heart, he says, "We are still going to be associated with the State
Bar, we are still going to be meeting. The State Bar is the only
organization that can bring us together."
That said, he wants the conference "to be its
own entity," able to take positions that do not violate court
decisions or place the bar in political peril. "We want to protect
the State Bar itself from becoming a lightning rod," he said.
St. George has worked in the city attorney's
office since 1985 and is now supervisor of the police administrative
law section, a new unit which provides advice and assistance to the
Los Angeles Police Department's internal affairs group. He has
served as president of the Los Angeles Lawyers for Human Rights and is
a member of the Los Angeles County Bar Association's board of
He and Roy Williams, his partner of 26 years,
live in Mar Vista. St. George runs marathons, likes to travel and as a
one-time history major, loves reading history books.
DISTRICT 7, OFFICE 2
Angeles family law mediator MICHELLE "MICKEY" KATZ wants to
see the State Bar expand the scope of member benefits and services,
shift the discipline system's focus to rehabilitative efforts and
boost its technology efforts to provide more online services,
including member billing and MCLE. But it is her lengthy background in
mediation and collaboration where she believes she can make a
Katz, 60, suspects the gubernatorial veto of the
bar's dues bill and subsequent financial crisis might largely have
been avoided if both sides had been able to work together effectively.
"I believe if people can act collaboratively, even people of diverse
interests, they can come up with solutions that meet everyone's
needs," she said.
Katz' long history of bar activism includes
serving on the boards of the Beverly Hills Bar Association and bar
foundation, former member of the State Bar's family law section
executive committee and chair of the bar's Committee on Alternative
Dispute Resolution. It was while serving on that committee that the
dues bill was vetoed and Katz "had a visceral reaction that if we
don't have a State Bar, so many services and opportunities to serve
the legal profession will be missed."
Now, she says, she has "a chance to use my
experience as a person who has worked in State Bar activities to
educate the public and educate lawyers. And I might have some kind of
input into avoiding the kinds of situations that caused that
Katz is running as a team with Matt St. George,
who is seeking the office 1 seat in District 7. Both are endorsed by
the Breakfast Club, a group of Los Angeles attorneys who help select
candidates for the board, Women Lawyers of Los Angeles and the Mexican
American Bar Association.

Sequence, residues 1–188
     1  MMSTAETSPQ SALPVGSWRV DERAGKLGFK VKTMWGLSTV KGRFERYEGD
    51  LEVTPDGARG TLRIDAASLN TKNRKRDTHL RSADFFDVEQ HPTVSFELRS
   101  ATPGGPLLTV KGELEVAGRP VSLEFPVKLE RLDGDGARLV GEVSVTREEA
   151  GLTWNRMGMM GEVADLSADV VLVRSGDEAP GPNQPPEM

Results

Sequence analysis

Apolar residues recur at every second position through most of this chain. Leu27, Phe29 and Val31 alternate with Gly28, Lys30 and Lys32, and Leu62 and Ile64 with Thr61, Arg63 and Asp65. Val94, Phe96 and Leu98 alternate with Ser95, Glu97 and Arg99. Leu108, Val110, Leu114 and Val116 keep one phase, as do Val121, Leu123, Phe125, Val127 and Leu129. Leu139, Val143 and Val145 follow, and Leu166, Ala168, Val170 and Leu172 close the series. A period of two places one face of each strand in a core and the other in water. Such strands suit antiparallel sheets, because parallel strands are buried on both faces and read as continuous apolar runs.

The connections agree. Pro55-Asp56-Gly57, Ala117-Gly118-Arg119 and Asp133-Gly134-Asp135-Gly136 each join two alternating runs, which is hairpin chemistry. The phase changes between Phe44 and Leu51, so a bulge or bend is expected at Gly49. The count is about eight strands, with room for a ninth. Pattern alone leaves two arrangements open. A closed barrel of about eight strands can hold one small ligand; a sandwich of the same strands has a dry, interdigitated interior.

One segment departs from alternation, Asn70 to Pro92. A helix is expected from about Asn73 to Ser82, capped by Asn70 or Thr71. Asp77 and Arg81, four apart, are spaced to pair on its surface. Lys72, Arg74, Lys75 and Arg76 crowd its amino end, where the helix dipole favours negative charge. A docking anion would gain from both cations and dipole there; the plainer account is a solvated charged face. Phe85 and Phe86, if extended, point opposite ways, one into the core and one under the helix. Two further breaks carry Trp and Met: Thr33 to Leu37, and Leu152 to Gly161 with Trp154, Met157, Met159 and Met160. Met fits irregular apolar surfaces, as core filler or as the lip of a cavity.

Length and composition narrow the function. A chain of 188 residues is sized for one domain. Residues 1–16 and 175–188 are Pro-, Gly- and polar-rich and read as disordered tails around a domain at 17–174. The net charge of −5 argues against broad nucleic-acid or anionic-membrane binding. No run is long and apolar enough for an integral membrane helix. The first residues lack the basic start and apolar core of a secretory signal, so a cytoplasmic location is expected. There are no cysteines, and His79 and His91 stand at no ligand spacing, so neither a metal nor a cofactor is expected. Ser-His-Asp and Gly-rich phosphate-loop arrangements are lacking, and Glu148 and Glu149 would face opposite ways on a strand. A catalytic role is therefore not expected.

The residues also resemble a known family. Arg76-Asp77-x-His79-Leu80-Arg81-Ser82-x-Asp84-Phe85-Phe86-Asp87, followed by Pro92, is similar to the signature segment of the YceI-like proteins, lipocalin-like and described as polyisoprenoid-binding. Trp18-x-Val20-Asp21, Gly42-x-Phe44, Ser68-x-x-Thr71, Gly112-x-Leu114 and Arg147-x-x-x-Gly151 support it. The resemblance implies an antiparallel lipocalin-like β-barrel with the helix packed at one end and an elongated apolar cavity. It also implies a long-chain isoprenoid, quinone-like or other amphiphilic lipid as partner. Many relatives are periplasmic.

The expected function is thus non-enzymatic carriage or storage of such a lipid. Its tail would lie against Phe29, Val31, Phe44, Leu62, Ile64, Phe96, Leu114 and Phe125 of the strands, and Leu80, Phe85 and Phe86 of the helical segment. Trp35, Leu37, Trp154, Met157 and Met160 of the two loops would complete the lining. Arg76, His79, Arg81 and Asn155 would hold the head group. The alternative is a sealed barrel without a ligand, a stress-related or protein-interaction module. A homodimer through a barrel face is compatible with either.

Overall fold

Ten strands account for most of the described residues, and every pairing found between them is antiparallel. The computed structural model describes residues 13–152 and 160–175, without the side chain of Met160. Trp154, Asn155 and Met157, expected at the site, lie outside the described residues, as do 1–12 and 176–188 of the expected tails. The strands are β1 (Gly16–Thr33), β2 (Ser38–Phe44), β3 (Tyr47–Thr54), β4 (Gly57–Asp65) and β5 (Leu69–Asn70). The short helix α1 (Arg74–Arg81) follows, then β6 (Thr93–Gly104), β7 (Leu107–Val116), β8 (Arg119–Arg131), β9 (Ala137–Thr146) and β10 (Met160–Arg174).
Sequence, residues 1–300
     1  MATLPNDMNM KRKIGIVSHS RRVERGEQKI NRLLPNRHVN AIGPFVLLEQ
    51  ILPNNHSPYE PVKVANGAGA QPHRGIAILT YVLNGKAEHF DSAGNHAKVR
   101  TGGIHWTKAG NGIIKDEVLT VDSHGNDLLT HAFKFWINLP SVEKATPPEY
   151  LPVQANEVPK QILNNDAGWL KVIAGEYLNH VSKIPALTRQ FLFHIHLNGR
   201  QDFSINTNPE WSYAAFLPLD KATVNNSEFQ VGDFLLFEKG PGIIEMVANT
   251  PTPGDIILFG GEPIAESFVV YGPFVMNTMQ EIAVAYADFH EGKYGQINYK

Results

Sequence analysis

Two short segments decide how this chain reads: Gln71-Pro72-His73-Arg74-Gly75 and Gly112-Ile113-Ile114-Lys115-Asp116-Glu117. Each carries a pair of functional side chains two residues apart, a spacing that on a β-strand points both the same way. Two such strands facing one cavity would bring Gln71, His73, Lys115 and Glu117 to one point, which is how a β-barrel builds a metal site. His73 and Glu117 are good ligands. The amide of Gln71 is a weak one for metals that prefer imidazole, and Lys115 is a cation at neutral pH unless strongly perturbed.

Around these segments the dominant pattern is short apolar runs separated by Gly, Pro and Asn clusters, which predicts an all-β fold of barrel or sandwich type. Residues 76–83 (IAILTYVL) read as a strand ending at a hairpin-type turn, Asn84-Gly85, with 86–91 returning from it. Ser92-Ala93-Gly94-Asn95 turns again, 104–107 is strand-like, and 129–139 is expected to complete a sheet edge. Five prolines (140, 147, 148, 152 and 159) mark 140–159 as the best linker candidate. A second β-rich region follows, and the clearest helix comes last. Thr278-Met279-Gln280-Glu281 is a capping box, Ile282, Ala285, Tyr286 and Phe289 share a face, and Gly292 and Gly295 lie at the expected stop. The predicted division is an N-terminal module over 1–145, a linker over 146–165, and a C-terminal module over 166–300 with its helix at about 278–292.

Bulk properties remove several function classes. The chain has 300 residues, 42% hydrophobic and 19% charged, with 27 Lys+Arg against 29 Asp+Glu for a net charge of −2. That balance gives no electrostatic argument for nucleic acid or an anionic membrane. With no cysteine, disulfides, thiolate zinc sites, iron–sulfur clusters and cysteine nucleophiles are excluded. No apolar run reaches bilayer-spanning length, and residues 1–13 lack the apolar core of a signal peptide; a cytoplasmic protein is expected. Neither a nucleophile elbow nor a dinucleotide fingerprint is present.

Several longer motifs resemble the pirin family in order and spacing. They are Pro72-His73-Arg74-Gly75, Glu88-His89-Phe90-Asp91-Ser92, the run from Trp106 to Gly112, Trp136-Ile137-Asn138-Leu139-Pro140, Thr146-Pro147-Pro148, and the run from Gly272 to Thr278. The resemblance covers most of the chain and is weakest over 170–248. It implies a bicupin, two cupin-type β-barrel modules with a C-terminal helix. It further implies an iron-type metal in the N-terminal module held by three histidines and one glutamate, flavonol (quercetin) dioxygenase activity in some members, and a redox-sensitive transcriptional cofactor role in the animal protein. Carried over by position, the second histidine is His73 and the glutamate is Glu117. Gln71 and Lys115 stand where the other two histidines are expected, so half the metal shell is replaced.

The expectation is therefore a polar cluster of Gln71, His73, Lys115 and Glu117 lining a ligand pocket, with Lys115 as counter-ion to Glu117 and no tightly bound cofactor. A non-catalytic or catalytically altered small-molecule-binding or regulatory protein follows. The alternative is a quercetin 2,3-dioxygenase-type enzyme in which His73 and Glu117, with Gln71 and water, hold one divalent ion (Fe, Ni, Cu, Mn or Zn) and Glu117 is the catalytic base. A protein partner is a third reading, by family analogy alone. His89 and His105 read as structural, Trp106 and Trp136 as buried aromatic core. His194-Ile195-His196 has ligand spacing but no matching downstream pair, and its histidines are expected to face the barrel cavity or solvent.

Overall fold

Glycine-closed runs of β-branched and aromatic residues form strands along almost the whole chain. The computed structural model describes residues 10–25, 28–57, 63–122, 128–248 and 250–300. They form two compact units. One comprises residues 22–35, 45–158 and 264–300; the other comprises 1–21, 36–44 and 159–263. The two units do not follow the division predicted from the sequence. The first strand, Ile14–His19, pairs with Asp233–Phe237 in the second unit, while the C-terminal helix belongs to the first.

Katz thinks experience is a benefit, not a
drawback, and "who better to serve on the bar board" than those
"who've been involved and care passionately about the bar."
The single mother of a 31-year-old daughter, Katz
loves the theater and the arts.
The State Bar is a staff-driven organization,
controlled by insiders who rubber-stamp their recommendations
irrespective of whether they will benefit the members. At least,
that's what Los Angeles lawyer DAVID M. MARCUS thinks, and he'd
like to see some changes. If the board's decisions are in the best
interests of the members, he'll support them. "To the extent (the
board) may make decisions and spend money that are not in the best
interest of lawyers, I want to be there," he says.
A real property trial lawyer for 22 years, Marcus
also thinks the bar "is largely irrelevant and how it works is a
mystery. I'd like to make it more relevant and less of a mystery."
Although his candidacy statement says he is
neither a bar junkie nor an insider, Marcus took pains in an interview
to say he's also "certainly not some anti-establishment
radical." His goal, he says, is to make certain the bar spends its
money wisely and offers better services to its members. "The staff
may need more oversight because they may make decisions which are not
in the best interests of all lawyers," he says.
The bar could be truly helpful to California's
lawyers by providing help when they need it, whether with professional
or financial issues, substance abuse or problems with clients by
offering free, confidential referrals for assistance, Marcus suggests.
The ethics hotline should be expanded and copies of model retainer
agreements and the rules of professional responsibility should be
provided to every lawyer.
His pet peeve, Marcus says, is the long wait at
security lines in courthouses, and he believes the bar should work
with the courts to develop a system to streamline the ability of
lawyers who pose no threat to get into the courthouse without